All patients in this 4-cohort study received intraperitoneal cisplatin 50 mg/m2 (via 1-hour long infusion in 1,000 cc saline) on day 1 of each three-week cycle (6 cycles total). For all patients in this trial, cycle 1 was chemotherapy alone, whereas CKM was initiated at cycle 2. Rintatolimod (Ampligen, provided by AIM Immunotech, Inc.) 200 mg was administered intraperitoneally 1–2 hours after the end of IFNα infusion on day 2 of each cycle, except for cycle 3, when CKM was delayed for 1 week (Fig. 1A), to test whether delayed timing influences response. Celecoxib (COX-2 inhibitor) 200 mg was given orally, daily (additional 200 mg was administered on days of chemotherapy and CKM infusion). Patients in cohort 1 received the above regimen only (no IFNα). For patients in the subsequent three cohorts, IFNα (IFNα–2b, Intron A, commercially purchased) was administered intraperitoneally in a dose-escalation fashion with 3 dose levels: 2 million units (MU), 6 MU, and 18 MU, respectively (Fig. 1B). Reconstituted IFNα was administered intraperitoneally over 30–60 minutes in up to 100 mL of 0.9% sodium chloride. After infusion, additional saline was administered up to 500–1,000 mL. Treatment continued until progression, unacceptable toxicity, patient refusal or any other occurrences that prevented further treatment in the opinion of the attending physician. Tumor cytoreduction surgery, if feasible, was planned to take place 3 weeks (±1 week) after the third or fourth cycle of CITC.

Figure 1.

Clinical trial diagram and summary of clinical responses. A, Diagram of patient enrollment and cohort distribution. B, Clinical trial schema. Additional details regarding the drug regimen and timing of biospecimen collection are included in the Patients and Methods section. *, Celecoxib (200 mg) was administered daily throughout treatment; additional 200 mg was given on days of chemotherapy and CKM infusion. C, Swimmer's plot showing time of objective response (PR, partial response; SD, stable disease; PD, progressive disease) in relationship to duration of treatment and time of treatment cessation (x-axis). The nine evaluable patients are individually shown (y-axis) and color-coded according to the cohort. D, Cell densities of intraperitoneal wash samples collected longitudinally during treatment, from nine evaluable and two non-evaluable (NE) patients. Each patient is labeled with cohort number and patient number in each cohort (for example, patient 1.1 refers to cohort 1, patient 1).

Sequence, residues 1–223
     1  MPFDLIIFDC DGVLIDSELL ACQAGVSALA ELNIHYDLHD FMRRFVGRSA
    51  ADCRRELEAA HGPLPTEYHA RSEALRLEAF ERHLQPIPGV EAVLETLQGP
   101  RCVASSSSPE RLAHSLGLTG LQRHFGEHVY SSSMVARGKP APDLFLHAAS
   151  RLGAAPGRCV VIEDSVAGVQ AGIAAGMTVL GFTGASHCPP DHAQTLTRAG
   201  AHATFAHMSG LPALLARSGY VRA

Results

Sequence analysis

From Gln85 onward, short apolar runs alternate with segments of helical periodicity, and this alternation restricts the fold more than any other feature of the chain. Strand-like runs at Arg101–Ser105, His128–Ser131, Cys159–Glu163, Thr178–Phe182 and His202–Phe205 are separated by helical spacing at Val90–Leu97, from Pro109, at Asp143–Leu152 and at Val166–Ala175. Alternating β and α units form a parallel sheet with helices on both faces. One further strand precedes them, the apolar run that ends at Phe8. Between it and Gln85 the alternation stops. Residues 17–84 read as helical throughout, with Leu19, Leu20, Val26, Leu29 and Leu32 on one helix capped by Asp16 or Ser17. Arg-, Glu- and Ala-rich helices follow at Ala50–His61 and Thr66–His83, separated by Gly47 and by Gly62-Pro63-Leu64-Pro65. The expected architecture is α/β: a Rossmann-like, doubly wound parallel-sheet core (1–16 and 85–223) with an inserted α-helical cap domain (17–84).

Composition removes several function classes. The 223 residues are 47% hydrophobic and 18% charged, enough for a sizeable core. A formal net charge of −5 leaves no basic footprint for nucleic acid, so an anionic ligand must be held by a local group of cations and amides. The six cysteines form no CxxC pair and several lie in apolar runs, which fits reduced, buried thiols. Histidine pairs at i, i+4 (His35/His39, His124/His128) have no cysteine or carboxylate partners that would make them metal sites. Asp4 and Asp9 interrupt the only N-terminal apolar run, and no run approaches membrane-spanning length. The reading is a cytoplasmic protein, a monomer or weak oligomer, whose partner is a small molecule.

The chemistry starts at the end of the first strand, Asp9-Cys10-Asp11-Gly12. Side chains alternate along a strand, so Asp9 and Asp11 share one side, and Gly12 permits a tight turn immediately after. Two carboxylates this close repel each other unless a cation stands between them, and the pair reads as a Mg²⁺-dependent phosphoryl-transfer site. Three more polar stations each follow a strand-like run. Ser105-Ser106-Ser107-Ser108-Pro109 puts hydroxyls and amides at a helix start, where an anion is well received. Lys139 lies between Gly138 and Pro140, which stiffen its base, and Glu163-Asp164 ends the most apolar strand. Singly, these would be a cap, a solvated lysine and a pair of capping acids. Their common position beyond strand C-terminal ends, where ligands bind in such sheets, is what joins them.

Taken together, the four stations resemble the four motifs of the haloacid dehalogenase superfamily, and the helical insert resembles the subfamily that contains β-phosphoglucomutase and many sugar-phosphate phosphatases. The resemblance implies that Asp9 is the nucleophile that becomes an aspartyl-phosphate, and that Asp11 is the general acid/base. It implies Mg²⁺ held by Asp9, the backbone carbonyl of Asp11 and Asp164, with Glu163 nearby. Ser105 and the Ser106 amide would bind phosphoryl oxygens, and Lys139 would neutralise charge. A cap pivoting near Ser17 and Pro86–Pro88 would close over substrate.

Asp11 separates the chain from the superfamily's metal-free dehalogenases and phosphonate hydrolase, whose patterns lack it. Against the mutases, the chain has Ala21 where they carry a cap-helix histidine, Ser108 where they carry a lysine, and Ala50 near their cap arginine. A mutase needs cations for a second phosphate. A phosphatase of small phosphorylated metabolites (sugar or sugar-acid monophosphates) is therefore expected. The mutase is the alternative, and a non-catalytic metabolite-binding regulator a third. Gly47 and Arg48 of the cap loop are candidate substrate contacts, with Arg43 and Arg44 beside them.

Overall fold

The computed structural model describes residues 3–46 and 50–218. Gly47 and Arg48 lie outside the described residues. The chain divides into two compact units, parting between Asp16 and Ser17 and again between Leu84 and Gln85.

Figure 1.

Clinical trial diagram and summary of clinical responses. A, Diagram of patient enrollment and cohort distribution. B, Clinical trial schema. Additional details regarding the drug regimen and timing of biospecimen collection are included in the Patients and Methods section. *, Celecoxib (200 mg) was administered daily throughout treatment; additional 200 mg was given on days of chemotherapy and CKM infusion. C, Swimmer's plot showing time of objective response (PR, partial response; SD, stable disease; PD, progressive disease) in relationship to duration of treatment and time of treatment cessation (x-axis). The nine evaluable patients are individually shown (y-axis) and color-coded according to the cohort. D, Cell densities of intraperitoneal wash samples collected longitudinally during treatment, from nine evaluable and two non-evaluable (NE) patients. Each patient is labeled with cohort number and patient number in each cohort (for example, patient 1.1 refers to cohort 1, patient 1).

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Safety assessment

The dose-limiting toxicity (DLT) monitoring period included the first two cycles after starting IFNα. Pre-selected adverse events were categorized as DLTs if they were possibly attributed to the treatment regimen per standard dose-escalation design with continuous safety monitoring as described in the statistical section.

Endpoints

Primary endpoint was to determine the safety of this multi-drug CITC regimen, and to identify the Phase 2 recommended dose (P2RD) for IFNα. Secondary objectives were changes in peritoneal fluid of CD8+, CD4+, Tregs, and myeloid-derived suppressor cells.

Objective response rate [ORR; defined as partial response (PR), or complete response (CR)] was assessed per RECIST 1.1 criteria. Disease control rate (DCR) includes PR, CR or stable disease (SD) per RECIST 1.1 criteria. SD was assigned if PR or CR was not observed on treatment and if criteria for progression were not met.